The report said that almost a quarter became homeless due to being physically abused or beaten by a caretaker with a drug or alcohol problem. Only 30 percent of respondents reported that they actually had an option to return home.
The participants in the study were commonly victimized. The sample respondents reported that 61 percent had been sexually assaulted or raped, beaten, assaulted with a weapon, or robbed.
Misconception: No Aspirations
Another misconception is that homeless youth don’t have aspirations. “More than half of the young people said they needed services to advance their education,” Resa said.
An example of high aspiration is a 24-year-old African American man, Anthony Ross, who was made homeless at age 13. He never knew his father, and his mother and other relatives, who would take him in, were drug or alcohol addicts and abused him. He ended up on the streets, sleeping in cars and homeless shelters in Washington, D.C.
“I always had to watch my back and protect my belongings because different people would sleep in the shelter throughout the night. I wanted to do go to high school so bad, but I could not because I needed to feed and clothe myself. I enrolled in a 3-year GED program at age 16, while I worked at Starbucks in the daytime and Ruby Tuesday at night.”
Despite the adversity, Ross went on to attend St. Augustine’s University in Raleigh, N.C., earned a 4.0 GPA in his freshman year, was elected student body president in his junior year, and last year graduated magna cum laude. He aspires to become an attorney and later run for political office.
Syncere St. Jamyz, from Chicago’s West Side also wanted an education. When his main caregiver, his mother, died from cancer, he became homeless. For about two years, he lived in abandoned buildings and friend’s houses, anywhere where he felt safe enough to go to sleep. For four years, he said “I tried going to school on and off but without a safe place to keep books and study—honestly doing homework in the rain sometimes ruined my books, sometimes stuff was stolen when I was asleep—it just created another barrier to trying to get an education.”
Ending Youth Homelessness Doable
“An important step toward ending youth homelessness is getting better data and getting a better understanding about why young people become homeless, what happens to them when they are homeless, and what services they need,” Greenberg said.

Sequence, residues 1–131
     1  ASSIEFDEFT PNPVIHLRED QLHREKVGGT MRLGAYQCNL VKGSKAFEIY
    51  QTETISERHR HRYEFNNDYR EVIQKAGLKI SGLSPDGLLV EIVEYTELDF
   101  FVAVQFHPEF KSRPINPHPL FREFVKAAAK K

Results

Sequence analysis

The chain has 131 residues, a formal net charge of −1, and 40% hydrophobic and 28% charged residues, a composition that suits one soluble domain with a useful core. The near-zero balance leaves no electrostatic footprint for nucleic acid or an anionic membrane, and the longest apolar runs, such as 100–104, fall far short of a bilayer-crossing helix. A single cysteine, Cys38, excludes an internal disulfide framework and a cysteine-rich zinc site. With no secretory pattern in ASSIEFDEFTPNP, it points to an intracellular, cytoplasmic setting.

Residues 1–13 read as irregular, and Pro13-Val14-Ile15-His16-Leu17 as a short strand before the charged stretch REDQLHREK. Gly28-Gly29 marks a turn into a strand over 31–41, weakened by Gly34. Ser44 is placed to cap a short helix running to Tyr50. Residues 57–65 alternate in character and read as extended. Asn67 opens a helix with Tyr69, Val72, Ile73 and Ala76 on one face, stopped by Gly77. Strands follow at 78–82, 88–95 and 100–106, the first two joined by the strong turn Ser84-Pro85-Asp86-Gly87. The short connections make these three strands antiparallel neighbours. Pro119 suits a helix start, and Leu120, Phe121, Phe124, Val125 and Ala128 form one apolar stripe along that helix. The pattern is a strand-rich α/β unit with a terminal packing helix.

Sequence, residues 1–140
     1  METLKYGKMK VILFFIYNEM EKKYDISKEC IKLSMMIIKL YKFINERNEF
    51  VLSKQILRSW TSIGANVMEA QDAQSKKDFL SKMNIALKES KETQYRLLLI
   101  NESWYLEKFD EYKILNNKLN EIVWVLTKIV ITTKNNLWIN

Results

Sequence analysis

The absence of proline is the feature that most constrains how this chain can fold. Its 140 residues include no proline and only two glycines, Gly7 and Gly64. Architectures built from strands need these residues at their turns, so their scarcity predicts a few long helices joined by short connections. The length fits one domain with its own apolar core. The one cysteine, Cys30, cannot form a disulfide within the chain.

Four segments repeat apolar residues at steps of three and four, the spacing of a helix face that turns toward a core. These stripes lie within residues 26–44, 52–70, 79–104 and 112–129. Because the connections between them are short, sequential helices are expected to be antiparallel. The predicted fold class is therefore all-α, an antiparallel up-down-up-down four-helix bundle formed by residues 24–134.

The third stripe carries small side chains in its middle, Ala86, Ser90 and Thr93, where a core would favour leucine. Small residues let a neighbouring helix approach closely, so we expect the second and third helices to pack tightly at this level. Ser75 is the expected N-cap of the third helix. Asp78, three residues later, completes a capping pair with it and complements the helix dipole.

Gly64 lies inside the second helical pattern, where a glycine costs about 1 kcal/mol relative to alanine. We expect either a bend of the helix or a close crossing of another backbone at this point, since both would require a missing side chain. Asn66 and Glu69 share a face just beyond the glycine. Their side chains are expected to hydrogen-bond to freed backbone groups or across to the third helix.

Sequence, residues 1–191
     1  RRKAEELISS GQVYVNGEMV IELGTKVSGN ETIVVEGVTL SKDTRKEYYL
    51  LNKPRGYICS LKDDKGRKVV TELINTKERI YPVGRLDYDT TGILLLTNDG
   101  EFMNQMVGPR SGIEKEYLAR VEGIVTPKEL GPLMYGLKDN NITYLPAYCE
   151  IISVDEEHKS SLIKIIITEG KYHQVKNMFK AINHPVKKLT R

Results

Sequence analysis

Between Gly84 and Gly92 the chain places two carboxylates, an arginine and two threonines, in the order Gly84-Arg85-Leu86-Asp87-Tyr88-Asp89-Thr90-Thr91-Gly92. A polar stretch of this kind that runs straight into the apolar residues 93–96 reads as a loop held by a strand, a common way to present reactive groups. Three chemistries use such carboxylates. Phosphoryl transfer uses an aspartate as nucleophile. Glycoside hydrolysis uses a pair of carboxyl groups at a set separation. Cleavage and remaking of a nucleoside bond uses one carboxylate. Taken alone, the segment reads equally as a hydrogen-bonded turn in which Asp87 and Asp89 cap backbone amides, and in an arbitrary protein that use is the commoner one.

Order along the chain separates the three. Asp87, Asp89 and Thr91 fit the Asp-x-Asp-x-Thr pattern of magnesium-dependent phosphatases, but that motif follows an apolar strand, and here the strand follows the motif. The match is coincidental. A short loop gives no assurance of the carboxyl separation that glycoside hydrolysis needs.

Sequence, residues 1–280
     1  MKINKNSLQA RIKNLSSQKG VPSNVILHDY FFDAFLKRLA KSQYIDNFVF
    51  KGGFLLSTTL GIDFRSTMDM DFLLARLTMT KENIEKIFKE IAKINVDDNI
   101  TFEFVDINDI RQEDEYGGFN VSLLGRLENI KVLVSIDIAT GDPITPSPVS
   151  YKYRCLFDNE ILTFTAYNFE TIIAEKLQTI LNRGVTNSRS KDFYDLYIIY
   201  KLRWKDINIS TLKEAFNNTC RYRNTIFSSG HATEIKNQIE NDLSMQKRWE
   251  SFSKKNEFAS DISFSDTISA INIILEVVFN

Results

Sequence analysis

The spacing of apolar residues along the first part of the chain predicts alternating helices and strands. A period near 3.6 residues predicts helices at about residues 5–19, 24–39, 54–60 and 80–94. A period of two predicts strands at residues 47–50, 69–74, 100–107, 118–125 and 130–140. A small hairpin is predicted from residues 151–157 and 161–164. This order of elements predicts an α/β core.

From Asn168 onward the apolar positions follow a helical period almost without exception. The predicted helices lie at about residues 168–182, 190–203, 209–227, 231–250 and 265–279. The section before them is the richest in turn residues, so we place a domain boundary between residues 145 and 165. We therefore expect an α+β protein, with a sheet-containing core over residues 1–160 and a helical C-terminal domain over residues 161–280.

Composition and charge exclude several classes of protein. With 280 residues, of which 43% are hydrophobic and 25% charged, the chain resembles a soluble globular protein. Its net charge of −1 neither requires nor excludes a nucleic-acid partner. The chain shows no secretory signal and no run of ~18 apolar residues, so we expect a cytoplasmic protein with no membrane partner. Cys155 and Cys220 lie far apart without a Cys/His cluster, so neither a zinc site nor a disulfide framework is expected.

“These homeless kids hide, so it is hard to get a count. But we need to get a count,” said musician Cyndi Lauper, who co-founded True Colors Fund to end youth homelessness.
Cyndi Lauper is a celebrity, a Grammy, Emmy, and Tony award winning artist with global record sales in excess of 50 million and a legion of fans. Lauper, herself, said she was one of the kids that benefited from a program like those discussed.
She said, “I never thought …. I would ever be anything or amount to anybody. And it is ironic how I’m standing here with these people, the same kind of people that helped me reenter and go from youth hostels, to shelters, to a home of my own.”
“We know now that homelessness is not an intractable problem. It is a problem we can solve and a problem we are solving, said Zeilinger.
Zeilinger was confident that the federal government with “stakeholders across the country,” could make significant progress towards reducing or even ending youth homelessness because the number of homeless veterans has been reduced since 2010 by one third nationwide. It was accomplished through studies and research. It helped too that their programs received bipartisan support from Congress for the resources needed to get the job done.
“We have a federal framework to end youth homelessness where we set a path to progress by improving data and building system,” she said.
*Image of “homeless teenager” via Shutterstock